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The Larry MacPhail link between the Dodgers and New York Yankees

The Los Angeles Dodgers and New York Yankees both still wear brand marks commissioned by executive Larry MacPhail. Famous for introducing night baseball, he commissioned the Dodgers home shirt still worn today.

Hulton Archive

"With no drinks [MacPhail] was brilliant. With one he was a genius. With two he was insane. And rarely did he stop at one." -Ken Burns 'Baseball'

One of the great things about the Los Angeles Dodgers, from a design perspective, is that their design elements date back further than 1958. I've written ad infinitum about the cap logo extending back to the PCL Los Angeles Baseball Club, but until today I didn't know who commissioned the Dodger script logo nor did I know that it tied the Dodgers to today's opponent: the New York Yankees. Todd Radom wrote the story on his blog, and I thought you all would dig it.



It all ties in to Larry MacPhail. Despite a name that would be a blogger's dream in this day and age, he was responsible for many of baseball's lasting innovations. It's a tough call for his longest lasting innovation as he was the one who installed lights at Cincinnatti's Crosley Field in 1935 introducing night baseball for the first time. He'd later install lights for the Brooklyn Dodgers and the New York Yankees. He also originated plane travel for teams and was a champion of regular radio broadcasts. At Cincinnati he hired Red Barber, then brought him to Brooklyn. Barber would later hire Vin Scully.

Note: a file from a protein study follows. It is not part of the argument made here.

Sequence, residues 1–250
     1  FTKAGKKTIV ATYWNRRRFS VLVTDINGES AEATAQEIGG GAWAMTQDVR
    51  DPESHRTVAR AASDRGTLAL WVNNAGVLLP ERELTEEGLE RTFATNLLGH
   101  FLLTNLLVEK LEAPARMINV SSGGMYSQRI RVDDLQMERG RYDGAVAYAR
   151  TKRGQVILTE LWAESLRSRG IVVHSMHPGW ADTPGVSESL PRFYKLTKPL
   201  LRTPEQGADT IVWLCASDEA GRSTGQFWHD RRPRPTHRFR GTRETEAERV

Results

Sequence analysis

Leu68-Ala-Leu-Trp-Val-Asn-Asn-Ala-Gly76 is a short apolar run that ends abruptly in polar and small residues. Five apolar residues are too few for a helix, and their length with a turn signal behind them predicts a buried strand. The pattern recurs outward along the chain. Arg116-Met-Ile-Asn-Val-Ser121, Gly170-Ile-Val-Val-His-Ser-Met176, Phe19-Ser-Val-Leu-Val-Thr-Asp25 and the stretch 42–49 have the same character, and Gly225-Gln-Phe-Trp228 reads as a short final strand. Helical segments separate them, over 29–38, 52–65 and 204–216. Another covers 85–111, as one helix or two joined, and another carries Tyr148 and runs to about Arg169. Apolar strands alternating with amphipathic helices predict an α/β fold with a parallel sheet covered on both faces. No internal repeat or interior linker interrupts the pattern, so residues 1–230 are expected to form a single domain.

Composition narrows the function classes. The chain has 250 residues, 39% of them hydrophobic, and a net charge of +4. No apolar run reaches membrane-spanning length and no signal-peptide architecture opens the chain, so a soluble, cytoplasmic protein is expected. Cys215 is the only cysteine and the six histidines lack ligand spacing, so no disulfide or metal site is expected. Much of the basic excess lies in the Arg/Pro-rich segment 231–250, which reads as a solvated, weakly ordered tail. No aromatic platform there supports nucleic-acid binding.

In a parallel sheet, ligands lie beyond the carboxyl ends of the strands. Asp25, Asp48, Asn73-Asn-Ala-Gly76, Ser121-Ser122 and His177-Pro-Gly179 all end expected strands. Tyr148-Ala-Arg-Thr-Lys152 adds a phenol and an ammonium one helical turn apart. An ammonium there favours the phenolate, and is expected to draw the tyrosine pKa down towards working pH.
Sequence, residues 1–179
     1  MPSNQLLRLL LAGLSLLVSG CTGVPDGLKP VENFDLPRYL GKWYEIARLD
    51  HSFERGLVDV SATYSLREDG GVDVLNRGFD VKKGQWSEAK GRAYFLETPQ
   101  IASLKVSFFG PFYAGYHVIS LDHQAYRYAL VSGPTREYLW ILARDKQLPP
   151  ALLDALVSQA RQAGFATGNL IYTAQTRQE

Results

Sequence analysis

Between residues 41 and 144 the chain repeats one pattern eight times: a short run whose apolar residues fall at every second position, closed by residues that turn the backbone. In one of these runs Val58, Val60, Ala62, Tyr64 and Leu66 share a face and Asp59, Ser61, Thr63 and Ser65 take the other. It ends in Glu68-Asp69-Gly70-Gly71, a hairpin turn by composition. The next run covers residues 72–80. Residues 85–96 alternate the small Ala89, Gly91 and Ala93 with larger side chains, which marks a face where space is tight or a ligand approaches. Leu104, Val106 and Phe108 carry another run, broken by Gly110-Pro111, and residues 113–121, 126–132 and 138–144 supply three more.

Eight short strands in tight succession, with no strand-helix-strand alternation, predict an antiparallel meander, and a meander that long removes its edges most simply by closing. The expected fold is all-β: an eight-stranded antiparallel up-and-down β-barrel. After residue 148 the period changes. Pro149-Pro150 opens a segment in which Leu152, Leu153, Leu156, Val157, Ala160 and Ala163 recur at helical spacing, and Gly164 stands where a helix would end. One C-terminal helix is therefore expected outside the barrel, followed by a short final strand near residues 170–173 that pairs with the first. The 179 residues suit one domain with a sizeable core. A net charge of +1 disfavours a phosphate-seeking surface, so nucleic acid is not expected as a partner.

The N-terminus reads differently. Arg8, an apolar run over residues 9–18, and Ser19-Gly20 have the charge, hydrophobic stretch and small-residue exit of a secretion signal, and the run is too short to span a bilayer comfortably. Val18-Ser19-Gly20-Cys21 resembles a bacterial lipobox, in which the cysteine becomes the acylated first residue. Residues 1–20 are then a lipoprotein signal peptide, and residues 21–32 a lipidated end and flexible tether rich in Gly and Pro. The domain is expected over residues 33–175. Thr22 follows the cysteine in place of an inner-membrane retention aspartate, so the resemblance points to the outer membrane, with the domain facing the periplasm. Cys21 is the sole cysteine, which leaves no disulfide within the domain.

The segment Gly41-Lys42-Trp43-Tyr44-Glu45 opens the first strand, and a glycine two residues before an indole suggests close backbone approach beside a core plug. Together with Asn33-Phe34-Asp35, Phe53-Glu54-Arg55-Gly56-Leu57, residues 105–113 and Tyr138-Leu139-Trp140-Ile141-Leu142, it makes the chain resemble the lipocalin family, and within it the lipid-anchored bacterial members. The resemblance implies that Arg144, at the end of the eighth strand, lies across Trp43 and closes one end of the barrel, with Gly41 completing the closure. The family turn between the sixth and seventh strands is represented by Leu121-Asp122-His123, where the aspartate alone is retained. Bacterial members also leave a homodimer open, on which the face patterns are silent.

One theme throughout baseball is that the installation of lights was always a big deal. It was a break from tradition, the Chicago Cubs didn't install lights until the 80s, and it was thought that teams needed special uniforms that would pop under the lights. Which explains the red pants the Reds briefly donned in 1936. The Reds also introduced script Reds spelled out on a white shirt. He'd soon do the same for the Brooklyn Dodgers.



In 1937 the Brooklyn Dodgers were awful. They finished 33.5 games out which for the record is many many games out. They did it wearing Kelly Green, probably to appeal to Brooklyn's Irish population. They also went with tan away uniforms, which was supposed to be less "drab" than the gray away uniforms.

Larry MacPhail joined the Brooklyn Dodgers in 1938. The club had planned on sticking with kelly green but MacPhail had other ideas. Business manager MacPhail switched the Dodgers to the now familiar shade of blue and put a script Dodgers across the front of the jersey.



It's the same tail coming off the s as in the Reds script introduced under MacPhail. There was also a script Brooklyn introduced a year later, something the Dodgers have experimented with off and on in Los Angeles. The script Dodgers has remained the Dodger home uniform ever since.

The red numbers weren't introduced until 1952, the same year the Dodgers introduced a logo with a baseball above the script (no red action lines, those were added in Los Angeles). The Dodgers were the first big league team to display numbers on the front of their uniform, the red made the innovative feature stand out.

In 1942 MacPhail resigned to serve in World War II. To fill the void, the Dodgers hired Branch Ricky later that year as President and GM.

After the war he joined the New York Yankees where he added lights for the third time in his executive career. In 1946, looking to beef up advertising, MacPhail commissioned a new Yankee logo created by noted sports artist Lon Keller. The script Yankees with a bat for the K and a top hat on the bat is still the Yankee primary logo.

Three clubs, one executive, all still displaying brand elements he commissioned.

Additional reporting was done by bhsportsguy.